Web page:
Repair, Replace, Enjoy! Time for Spring Home Improvements:

Besides cleaning closets and planting flowers and cool-weather vegetables, spring should involve scrutinizing the condition of a house following the rough winter. Repairs and replacements won’t just help you enjoy your property more; it will also keep energy costs down as hot weather rolls in.While most home owners need to prioritize costs, these 10 improvements are at the top of many contractors’ lists. Some of them are even more affordable than ever before, thanks to rebates from local communities, utility companies, and the federal government.
1. Replace windows
If your home felt drafty this past winter and you have single-pane windows, there’s a good chance those were one of the culprits. But replacing them all can be costly — $400 to $500 per window, plus $100 to $150 for installation, according to home improvement expert Tom Kraeutler of The Money Pit. Whether that’s the place to spend dollars should depend on how long you plan to stay put or what houses listed in their neighborhood offer if you’re planning on selling. “If you’re the last ones with old, rotting-wood windows, that negative may affect buyer attention,” Kraeutler says. This year’s “Cost vs. Value” report from Remodeling magazine pegs the payback for vinyl windows at 71.2% and for wood windows at a similar 73.3%. Gradually replacing windows in any room that is currently being remodeled is a great way to start and a bit less cost prohibitive than doing them all at once.
2. Install a new heating system and change filters
If a your furnace and boiler were on their last legs this past winter, it may be time to install a new one, or at least provide buyers with a credit toward new equipment if you plan to sell. Any choice should carry an EnergyStar label for best results. Existing systems still in good condition should have filters checked monthly and replaced when dark and clogged, a DIY project.

3. Clean air conditioning units
Before summer temperatures rise and HVAC pros are swamped, clean coils and change filters so your system doesn’t have to work as hard. You may also consider having drain lines cleaned, so moisture is eliminated.

4. Install more insulation
A home’s first line of defense to stop cold or hot air — depending on the season — should be the attic, according to most contractors. An energy audit can determine how much more is needed, if they already have some.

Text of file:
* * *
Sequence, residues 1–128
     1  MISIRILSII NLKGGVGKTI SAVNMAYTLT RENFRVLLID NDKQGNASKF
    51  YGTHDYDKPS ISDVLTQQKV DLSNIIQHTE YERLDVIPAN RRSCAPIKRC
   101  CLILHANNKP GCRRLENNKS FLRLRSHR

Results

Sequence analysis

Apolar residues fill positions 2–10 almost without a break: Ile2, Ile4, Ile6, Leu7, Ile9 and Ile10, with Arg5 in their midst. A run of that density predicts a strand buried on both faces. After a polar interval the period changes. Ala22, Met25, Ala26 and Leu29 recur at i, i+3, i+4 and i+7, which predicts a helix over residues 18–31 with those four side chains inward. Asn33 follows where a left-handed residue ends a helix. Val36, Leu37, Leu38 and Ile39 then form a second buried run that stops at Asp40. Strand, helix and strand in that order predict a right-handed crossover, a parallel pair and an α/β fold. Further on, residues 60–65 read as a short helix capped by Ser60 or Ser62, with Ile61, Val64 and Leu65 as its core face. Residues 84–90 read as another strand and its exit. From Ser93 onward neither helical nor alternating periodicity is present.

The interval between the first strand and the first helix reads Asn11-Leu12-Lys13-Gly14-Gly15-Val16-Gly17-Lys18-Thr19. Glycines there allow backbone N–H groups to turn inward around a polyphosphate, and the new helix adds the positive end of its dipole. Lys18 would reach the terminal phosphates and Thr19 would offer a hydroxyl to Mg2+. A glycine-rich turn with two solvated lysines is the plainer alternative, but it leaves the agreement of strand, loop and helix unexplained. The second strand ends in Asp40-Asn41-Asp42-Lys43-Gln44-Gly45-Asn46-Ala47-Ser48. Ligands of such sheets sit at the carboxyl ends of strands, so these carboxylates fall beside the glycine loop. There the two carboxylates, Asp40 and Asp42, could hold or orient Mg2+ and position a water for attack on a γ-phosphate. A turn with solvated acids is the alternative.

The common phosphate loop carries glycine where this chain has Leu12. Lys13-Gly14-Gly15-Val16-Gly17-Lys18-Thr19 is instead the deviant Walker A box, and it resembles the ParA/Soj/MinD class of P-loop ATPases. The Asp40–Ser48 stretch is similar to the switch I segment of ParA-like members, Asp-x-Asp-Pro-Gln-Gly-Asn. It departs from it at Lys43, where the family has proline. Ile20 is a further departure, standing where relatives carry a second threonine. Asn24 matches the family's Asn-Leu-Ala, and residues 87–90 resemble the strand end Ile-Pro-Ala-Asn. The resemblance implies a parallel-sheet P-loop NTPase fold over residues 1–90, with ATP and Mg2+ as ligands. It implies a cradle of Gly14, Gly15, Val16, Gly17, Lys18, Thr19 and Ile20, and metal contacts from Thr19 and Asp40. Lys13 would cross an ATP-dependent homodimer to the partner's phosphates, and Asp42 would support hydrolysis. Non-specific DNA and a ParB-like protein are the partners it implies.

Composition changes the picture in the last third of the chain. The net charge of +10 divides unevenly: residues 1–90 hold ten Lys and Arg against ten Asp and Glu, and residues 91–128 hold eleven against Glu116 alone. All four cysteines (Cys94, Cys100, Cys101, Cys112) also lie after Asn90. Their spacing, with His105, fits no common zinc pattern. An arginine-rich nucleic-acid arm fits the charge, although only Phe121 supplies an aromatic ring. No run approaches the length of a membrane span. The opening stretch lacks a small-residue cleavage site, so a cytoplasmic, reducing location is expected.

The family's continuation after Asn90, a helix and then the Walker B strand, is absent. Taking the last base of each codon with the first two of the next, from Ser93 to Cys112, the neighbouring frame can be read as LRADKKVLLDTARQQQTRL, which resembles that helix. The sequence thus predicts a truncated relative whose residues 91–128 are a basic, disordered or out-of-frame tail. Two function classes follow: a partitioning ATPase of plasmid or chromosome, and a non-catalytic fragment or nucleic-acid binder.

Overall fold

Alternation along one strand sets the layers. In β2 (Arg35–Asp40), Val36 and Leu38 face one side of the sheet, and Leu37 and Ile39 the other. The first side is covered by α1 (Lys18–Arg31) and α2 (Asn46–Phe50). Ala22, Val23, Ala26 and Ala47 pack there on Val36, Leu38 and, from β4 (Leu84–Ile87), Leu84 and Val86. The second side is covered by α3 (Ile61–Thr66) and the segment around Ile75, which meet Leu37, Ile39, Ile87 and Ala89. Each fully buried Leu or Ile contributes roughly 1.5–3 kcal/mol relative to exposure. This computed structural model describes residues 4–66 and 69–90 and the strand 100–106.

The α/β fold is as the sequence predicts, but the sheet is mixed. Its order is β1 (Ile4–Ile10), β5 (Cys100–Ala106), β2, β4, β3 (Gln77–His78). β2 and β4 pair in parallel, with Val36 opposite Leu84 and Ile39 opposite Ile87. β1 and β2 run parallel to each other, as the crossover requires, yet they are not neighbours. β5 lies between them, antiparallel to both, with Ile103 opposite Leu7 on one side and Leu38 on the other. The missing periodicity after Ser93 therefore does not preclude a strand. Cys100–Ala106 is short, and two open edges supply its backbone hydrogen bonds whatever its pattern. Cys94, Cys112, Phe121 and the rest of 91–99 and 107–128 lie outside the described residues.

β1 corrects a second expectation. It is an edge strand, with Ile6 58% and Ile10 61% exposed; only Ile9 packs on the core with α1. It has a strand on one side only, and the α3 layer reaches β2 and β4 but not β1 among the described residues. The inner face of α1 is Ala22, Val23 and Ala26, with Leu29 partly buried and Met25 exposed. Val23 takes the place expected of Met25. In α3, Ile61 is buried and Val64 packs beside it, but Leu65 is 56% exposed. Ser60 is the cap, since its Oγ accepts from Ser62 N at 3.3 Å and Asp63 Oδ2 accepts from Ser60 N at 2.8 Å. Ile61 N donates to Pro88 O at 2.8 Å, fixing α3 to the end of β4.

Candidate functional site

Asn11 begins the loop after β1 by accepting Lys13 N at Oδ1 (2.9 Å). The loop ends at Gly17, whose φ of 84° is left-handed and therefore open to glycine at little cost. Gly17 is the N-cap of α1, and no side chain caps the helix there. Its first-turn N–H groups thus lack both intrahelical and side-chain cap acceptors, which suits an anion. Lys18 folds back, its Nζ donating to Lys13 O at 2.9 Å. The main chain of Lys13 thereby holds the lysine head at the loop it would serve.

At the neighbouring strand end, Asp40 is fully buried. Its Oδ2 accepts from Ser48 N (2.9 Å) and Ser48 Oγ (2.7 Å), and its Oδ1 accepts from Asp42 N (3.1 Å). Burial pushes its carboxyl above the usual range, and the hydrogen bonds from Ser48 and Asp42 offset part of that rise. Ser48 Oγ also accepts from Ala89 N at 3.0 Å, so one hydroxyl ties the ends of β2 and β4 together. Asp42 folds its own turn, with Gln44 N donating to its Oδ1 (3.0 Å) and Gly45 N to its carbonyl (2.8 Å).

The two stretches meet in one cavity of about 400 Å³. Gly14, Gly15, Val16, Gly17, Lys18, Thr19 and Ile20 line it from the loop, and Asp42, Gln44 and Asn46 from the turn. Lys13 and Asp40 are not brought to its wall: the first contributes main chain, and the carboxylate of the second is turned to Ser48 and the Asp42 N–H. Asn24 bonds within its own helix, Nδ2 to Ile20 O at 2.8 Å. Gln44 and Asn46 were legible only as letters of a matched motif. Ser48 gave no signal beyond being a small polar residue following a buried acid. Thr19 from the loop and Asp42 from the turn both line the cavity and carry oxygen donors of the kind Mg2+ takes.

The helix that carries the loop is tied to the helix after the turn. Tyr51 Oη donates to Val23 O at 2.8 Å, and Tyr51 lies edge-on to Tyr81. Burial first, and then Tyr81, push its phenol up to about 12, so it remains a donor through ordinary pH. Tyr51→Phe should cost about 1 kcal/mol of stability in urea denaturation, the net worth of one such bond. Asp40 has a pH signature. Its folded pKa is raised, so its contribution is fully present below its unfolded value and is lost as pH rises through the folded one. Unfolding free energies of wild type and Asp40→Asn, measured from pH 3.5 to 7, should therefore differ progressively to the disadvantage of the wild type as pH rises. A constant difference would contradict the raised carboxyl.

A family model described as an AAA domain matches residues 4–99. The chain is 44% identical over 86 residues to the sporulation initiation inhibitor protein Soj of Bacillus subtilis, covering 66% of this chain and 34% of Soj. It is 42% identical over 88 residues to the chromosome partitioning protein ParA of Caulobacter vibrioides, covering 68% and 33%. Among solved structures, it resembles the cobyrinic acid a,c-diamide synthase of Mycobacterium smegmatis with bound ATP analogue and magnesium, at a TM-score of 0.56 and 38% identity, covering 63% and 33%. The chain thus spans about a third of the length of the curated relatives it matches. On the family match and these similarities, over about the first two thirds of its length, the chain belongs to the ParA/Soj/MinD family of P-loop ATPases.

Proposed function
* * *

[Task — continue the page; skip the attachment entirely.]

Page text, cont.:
5. Switch out inefficient appliances
Sometimes appliances are no longer smart to repair. The determining factors for that should be their age and the cost of repair versus replacement. Here, too, top choices carry an EnergyStar label. If you need to replace most of their kitchen equipment and have a limited budget or plan to move, prioritize and first switch out the range, followed by the refrigerator, dishwasher, and microwave — in that order.

6. Repair or replace roofs, gutters, and downspouts
If you've seen moisture stains on your ceilings from recent rains, make sure you have your roof inspected for leaks before the damage gets worse. Have gutters and downspouts cleaned now so that water can flow through them. Gutter covers can be helpful but often don’t eliminate all debris.

7. Paint
Damage often shows up at this time of year, especially in climates where there’s been a lot of snow melting or winter rains, use the time to reassess your color choice for better curb appeal. Even changing the front door’s color can make a difference.

8. Prune trees
Cutting limbs that may have been damaged during winter and that might fall on a roof or allow squirrels to enter a house is smart, and it can be a cost savings later on. Called “thinning out,” this method gets excess foliage trimmed to allow more natural light into a house. A certified arborist will know the best ways to do this without removing too much of a canopy, which is useful for privacy and shade.

9. Mulch plantings
Along with fall, spring is a key mulch time. Mulch helps plants thrive by holding back weeds, retaining moisture so soil doesn’t dry out, and adding a tidy look, Glassman says. Use bark, shredded fir, leaves, straw, or grass clippings.

10. Replace light bulbs
When it comes to artificial light, most contractors recommend switching burned-out bulbs to LEDs, which last longer than incandescents, consume less energy, and have come down in price — now often just $10. Quality has improved, too, and they’re dimmable and available in colors.

Source:Realtor Magazine